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COVID CLOSURES: The legendary '21' Club

Updated: Jun 8, 2021

I've never been to the '21' Club. And now, it looks like I never will, at least not in its current form. LVMH (Louie Vuitton Moet Hennessy) the worlds largest luxury goods company that owns Christian Dior, Fendi and Givenchy, acquired the historical speakeasy as part of a $2.6 billion deal. The somber announcement was revealed in December of 2020. Why am I mourning the closure of a restaurant I've never been to? Because, like Charlie in Willy Wonka and The Chocolate Factory, you needed a golden ticket to get in, and I wanted in. That elusive "golden ticket," was wealth. Although the '21' Club was not a private club per se, it may as well have been, as it was out of reach to the average New Yorker. It took fame and extreme wealth to get you a decent table at this iconic restaurant, or risk being banished to Siberia with the thirsty tourists. Along with brunch at The Plaza, or breakfast at Tiffany's, dining at '21,' has continuously been on the top-ten list of things to do while visiting NYC.

The legacy of '21' has been captured in some of the most famous films in cinema history; All About Eve (1950), The Sweet Smell of Success (1957), Wall Street (1987) and as recent as the critically acclaimed, On the Rocks (2020), with Bill Murray and Rashida Jones. The list is endless, but for me, the absolute best, was the season six episode of Sex and the City: "The Domino Effect," where Big hilariously tells Carrie he's having surgery for "a little heart thing."

To say goodbye to the '21' Club, is to say farewell to a vital part of NYC history. For 91 years, 21 West 52nd Street was home to the '21' Club. During prohibition, cousins Jack Kriendler and Charlie burns opened an illegal drinking club known as the Red Head in Greenwich Village. By the time they relocated to its current location on west 52nd Street, they had a new name and a solid reputation. Movie-stars, politicians, as well as the ultra-elite, flocked to '21' in its golden era; legend has it Ernest Hemingway had sex in a stairwell with the girlfriend of Legs Diamond; table 30, known as Bogie's corner, is said to be the table where Humphrey Bogart and Lauren Bacall had their first date. Even Marilyn Monroe was a regular, and became chummy with co-owner Kriendler.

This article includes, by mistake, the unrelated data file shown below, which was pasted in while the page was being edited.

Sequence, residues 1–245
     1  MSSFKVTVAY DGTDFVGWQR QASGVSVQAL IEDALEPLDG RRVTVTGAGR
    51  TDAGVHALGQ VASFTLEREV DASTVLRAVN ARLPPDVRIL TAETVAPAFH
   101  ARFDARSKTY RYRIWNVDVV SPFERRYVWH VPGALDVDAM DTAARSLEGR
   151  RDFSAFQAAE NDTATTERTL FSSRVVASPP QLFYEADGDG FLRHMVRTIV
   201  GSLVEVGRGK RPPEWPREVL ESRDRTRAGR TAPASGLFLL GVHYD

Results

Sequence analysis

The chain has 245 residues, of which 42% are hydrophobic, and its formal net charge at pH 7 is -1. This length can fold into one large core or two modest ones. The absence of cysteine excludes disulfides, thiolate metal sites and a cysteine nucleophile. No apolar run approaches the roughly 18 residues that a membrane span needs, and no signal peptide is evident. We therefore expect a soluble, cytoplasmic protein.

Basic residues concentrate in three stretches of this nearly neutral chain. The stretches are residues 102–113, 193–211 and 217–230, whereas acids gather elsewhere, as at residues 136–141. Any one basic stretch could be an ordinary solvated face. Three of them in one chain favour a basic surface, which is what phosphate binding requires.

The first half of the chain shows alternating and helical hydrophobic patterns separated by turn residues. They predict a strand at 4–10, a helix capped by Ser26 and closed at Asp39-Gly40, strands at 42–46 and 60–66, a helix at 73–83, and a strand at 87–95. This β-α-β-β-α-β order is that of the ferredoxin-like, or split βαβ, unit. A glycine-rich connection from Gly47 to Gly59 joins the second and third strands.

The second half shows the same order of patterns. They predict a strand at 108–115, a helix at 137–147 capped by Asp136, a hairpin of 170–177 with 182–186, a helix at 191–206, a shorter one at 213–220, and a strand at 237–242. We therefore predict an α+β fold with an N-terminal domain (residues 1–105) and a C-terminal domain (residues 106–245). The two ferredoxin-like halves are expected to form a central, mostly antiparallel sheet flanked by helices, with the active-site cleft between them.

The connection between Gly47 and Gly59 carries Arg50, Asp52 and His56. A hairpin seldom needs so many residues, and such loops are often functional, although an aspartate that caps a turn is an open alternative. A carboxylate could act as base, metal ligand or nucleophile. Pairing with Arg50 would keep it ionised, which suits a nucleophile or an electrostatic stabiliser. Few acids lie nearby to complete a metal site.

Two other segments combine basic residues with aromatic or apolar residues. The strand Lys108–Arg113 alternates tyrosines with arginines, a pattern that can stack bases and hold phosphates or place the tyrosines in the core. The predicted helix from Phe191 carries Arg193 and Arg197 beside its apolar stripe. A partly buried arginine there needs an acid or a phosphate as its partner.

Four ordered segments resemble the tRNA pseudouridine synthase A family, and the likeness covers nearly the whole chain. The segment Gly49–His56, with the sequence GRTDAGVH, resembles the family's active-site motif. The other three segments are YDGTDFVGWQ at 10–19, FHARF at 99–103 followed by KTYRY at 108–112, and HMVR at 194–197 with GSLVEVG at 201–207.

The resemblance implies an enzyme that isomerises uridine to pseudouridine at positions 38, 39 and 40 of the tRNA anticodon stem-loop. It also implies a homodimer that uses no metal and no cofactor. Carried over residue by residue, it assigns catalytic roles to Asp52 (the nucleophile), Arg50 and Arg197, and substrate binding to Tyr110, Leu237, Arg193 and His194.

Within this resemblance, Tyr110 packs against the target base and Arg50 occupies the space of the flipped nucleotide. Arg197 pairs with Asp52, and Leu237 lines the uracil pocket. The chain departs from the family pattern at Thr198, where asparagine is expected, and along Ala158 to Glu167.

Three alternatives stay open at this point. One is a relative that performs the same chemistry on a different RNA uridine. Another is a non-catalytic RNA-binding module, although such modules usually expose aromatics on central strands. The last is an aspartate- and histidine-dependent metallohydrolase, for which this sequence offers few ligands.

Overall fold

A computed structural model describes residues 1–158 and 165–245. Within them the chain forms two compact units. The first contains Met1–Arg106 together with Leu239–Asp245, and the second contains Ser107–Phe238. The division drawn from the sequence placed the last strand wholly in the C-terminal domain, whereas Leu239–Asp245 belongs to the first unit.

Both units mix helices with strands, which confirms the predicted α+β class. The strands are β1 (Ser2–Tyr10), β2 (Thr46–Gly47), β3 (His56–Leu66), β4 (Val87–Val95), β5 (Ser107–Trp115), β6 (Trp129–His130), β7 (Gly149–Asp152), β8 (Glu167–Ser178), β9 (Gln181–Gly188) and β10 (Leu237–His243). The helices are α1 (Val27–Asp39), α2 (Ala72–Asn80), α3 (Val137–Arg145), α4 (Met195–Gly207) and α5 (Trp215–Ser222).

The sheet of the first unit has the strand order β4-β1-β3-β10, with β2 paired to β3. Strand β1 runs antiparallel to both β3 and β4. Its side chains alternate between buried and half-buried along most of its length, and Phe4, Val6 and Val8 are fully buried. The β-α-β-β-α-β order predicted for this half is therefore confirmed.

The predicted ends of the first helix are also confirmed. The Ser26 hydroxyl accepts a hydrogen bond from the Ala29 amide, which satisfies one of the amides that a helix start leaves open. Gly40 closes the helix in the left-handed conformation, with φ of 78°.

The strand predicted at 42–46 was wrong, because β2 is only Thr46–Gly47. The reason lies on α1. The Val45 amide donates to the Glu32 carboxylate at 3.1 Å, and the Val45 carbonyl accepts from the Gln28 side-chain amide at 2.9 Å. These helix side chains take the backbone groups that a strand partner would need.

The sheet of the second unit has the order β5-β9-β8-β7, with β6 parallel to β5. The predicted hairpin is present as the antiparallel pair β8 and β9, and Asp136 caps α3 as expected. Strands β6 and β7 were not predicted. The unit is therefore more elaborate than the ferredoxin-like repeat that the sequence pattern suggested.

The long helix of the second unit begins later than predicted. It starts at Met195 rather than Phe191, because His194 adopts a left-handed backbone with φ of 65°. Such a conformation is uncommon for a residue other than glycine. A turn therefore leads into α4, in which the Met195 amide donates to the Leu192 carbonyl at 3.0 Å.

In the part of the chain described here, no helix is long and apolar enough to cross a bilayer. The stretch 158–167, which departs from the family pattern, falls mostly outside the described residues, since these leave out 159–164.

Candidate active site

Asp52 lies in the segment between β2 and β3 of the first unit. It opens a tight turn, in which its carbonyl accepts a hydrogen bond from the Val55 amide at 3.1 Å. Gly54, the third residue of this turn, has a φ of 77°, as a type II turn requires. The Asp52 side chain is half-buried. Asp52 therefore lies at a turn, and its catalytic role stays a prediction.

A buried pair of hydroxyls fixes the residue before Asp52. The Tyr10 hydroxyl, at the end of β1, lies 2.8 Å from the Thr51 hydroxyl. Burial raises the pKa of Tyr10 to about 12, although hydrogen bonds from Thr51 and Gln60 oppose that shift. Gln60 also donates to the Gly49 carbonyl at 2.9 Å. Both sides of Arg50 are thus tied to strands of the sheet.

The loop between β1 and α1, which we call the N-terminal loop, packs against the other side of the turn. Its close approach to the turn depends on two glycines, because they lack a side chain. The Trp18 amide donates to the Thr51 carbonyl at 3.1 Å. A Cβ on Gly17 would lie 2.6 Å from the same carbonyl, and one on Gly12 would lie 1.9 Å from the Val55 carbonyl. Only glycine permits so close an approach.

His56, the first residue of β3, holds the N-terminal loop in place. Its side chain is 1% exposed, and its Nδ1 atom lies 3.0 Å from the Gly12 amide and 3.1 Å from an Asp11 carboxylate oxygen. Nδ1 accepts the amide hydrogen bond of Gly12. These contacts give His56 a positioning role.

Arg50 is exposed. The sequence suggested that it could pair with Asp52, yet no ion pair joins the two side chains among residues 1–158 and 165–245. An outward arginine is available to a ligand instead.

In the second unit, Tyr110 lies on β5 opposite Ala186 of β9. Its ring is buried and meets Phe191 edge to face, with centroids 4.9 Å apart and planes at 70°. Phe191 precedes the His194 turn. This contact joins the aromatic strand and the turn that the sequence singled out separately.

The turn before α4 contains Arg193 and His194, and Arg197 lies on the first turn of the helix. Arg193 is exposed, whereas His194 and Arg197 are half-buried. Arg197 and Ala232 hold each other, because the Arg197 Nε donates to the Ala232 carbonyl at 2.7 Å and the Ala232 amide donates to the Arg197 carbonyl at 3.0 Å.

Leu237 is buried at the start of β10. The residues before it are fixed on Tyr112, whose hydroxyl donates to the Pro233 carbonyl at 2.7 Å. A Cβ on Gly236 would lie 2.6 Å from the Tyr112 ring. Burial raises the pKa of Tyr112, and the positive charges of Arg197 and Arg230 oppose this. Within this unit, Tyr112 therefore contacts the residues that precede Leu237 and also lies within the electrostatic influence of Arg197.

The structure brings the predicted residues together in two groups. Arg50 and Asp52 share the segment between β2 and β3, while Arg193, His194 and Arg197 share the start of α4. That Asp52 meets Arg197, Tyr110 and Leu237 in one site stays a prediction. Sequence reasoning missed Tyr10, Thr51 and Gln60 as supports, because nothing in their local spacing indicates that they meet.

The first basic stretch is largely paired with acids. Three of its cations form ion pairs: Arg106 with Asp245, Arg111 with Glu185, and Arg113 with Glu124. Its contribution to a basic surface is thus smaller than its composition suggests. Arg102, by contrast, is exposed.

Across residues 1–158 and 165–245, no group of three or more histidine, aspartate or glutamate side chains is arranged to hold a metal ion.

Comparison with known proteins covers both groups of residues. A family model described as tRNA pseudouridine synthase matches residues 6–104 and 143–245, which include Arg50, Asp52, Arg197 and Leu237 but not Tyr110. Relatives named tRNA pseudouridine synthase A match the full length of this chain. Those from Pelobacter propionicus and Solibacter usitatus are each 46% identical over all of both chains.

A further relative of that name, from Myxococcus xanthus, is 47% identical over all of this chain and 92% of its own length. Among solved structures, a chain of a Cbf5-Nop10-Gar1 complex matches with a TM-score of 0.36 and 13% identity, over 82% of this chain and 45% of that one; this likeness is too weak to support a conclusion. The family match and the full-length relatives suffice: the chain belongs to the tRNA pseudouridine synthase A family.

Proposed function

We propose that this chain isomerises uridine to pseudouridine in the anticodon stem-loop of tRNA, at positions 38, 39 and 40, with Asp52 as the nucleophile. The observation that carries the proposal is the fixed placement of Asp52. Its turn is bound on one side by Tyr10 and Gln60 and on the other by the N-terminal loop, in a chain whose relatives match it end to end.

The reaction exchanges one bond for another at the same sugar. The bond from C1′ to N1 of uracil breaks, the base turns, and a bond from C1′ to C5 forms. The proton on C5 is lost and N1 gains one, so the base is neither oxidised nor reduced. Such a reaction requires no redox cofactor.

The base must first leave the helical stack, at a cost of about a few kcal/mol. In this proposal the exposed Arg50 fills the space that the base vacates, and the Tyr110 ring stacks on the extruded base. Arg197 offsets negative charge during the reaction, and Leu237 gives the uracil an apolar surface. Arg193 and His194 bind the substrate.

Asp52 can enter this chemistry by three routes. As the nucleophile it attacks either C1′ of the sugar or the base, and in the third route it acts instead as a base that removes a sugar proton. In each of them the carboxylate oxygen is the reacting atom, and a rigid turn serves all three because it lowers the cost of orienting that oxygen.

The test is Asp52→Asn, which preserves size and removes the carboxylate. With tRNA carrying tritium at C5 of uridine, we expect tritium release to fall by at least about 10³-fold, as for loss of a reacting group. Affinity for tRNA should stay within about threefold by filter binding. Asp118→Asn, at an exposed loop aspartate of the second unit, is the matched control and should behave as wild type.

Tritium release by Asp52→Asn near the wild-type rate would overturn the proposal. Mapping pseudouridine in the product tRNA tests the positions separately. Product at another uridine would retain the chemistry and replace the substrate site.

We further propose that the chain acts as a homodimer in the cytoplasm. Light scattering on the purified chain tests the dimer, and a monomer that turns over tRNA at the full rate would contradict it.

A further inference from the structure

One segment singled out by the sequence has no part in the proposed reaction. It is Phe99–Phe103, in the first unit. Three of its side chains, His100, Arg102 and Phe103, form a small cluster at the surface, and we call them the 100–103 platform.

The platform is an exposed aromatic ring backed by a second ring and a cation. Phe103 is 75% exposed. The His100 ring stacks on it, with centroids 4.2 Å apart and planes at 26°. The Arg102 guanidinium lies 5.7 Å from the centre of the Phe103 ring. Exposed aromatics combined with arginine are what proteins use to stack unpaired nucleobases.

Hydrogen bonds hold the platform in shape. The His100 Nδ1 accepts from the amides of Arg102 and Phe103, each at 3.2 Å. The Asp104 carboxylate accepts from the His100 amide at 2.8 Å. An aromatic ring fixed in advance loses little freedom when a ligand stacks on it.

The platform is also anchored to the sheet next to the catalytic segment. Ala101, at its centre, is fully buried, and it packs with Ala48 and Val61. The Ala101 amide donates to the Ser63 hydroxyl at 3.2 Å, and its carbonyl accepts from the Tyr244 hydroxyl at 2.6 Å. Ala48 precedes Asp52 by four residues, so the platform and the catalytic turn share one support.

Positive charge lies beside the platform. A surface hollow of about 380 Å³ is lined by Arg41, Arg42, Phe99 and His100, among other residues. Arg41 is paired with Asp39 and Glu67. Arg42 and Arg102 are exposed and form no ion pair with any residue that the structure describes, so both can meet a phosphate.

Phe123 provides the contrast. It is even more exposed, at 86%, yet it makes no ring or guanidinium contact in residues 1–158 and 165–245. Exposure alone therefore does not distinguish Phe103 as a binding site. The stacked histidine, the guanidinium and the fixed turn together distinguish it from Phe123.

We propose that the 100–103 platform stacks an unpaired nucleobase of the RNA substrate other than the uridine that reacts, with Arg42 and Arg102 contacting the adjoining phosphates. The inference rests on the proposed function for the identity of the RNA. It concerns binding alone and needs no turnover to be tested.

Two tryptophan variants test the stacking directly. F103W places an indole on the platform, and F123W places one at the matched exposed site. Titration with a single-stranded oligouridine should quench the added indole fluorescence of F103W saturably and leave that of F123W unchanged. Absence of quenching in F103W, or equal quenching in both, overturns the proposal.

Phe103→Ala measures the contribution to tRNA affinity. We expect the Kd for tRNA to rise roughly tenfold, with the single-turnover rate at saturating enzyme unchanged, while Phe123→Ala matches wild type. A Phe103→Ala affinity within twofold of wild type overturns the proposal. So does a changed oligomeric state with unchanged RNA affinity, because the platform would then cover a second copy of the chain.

For all the tales of debauchery and Joie de vivre, the saddest tale to emanate from this culinary landmark will be the loss of employment for its displaced staff. In early March of this year, '21' laid off 148 unionized employees; some of whom have been there for over 25 years. Allegedly, the employees were given no warning. What's ironic is that as of this writing, Bernard Arnault, the chief executive of LVMH, just became the richest man in the world surpassing Jeff Bezos. (This was made official by Forbes magazine on Monday, May 24th, thanks to a surge in the stock market.) While the rest of the world was suffering during the pandemic, LVMH was laughing all the way to the bank.

On its Facebook page the famed, high-end restaurant teased future plans for a come-back: ". . . as soon as they are developed, refined, and finalized." Is the shut-down indefinite? No solid plans have been announced as of yet. If, and when, '21' decides to re-open its doors, the furloughed staff are worried the classic establishment will open without them. Last December the ejected workers --whom are members of the UNITE HERE Local 100-- rallied in front of the shuttered business, for future reassurance they will be re-hired.

For many of these former employees, '21' wasn't just their place of business, tight bonds and familial relationships were developed. They were a family, and now that "family," faces an uncertain future. '21' survived prohibition, the Great Recession of 2008, and the post 9/11 economic downturn that followed. It remains to be seen if it can survive the annihilation of COVID-19 and its effect on the hospitality and restaurant industries.

It's been months since the jockeys that stood guard at the entrance had vanished. Will they return? Were they really removed for cleaning and restoration, or are they on the way to the Smithsonian for preservation of a bygone era? Only time will tell. Like the resilient city it resides in, I believe '21' will be back, and when it does, it will be better than ever.

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